In contrast, a trust deed protects the beneficiary or lender from the possibility of the borrower or trustor defaulting on their loan.

A deed of trust involves a trustor (the borrower), the beneficiary (the lender), and the trustee (an unbiased third party).

The borrower, sometimes referred to as the trustor, is the individual whose assets are held in the trust. The beneficiary's investment interest is the one being safeguarded.

While the borrower's debt is being repaid, the trustee is the owner of the property in law. 

The trustee dissolves the trust and returns ownership of the property to the borrower after the debt is repaid. 

Warranty_Deed_vs._Deed_of_Trust

Final Thoughts

A warranty deed offers the greatest amount of protection to the buyer. For this reason, it is the most common type of deed used to transfer property ownership.

When you purchase a home, you will likely sign a warranty deed that guarantees you full and clear ownership of the property. Should any issues arise with the title in the future, you will be protected from legal action.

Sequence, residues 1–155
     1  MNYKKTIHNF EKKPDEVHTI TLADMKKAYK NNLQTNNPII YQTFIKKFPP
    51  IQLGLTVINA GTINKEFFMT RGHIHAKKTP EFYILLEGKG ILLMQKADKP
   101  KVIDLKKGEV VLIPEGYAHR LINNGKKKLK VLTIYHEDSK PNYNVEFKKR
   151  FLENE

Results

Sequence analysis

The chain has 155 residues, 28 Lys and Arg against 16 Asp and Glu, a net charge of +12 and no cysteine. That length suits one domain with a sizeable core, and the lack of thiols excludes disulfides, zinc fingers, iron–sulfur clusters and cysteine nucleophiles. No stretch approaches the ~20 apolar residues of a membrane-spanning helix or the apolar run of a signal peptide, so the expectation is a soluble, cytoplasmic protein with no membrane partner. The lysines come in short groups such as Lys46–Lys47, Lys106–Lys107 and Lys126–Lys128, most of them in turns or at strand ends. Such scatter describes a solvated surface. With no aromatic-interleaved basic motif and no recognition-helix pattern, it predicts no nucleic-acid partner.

While a deed of trust also offers protection, it is typically used in situations where the buyer is borrowing money from a lender. In this case, the lender is protected by the deed of trust until the debt has been repaid in full.

Other types of deeds exist, but they are not as commonly used as warranty deeds and deeds of trust. These include quitclaim deeds, deeds in lieu, and special purpose deeds.

You can get a warranty deed if you are buying or selling a property. The deed will be signed by the grantor and notarized to make it legally binding. You may also be required to pay a small recording fee to have the deed filed in your local county registrar's office.

Warranty deeds offer many benefits, but there are also some limitations to be aware of. Understanding how they work can help you make the best decision for your needs.

Be sure to consult with an experienced real estate attorney if you have any questions about property deeds or are involved in a legal dispute. 

FAQs

What is a warranty deed?

A warranty deed is a legal document that is used to transfer ownership of real property from one person to another. The deed contains language that offers the grantee (buyer) certain protections, such as ensuring that the property does not have any outstanding liens or encumbrances.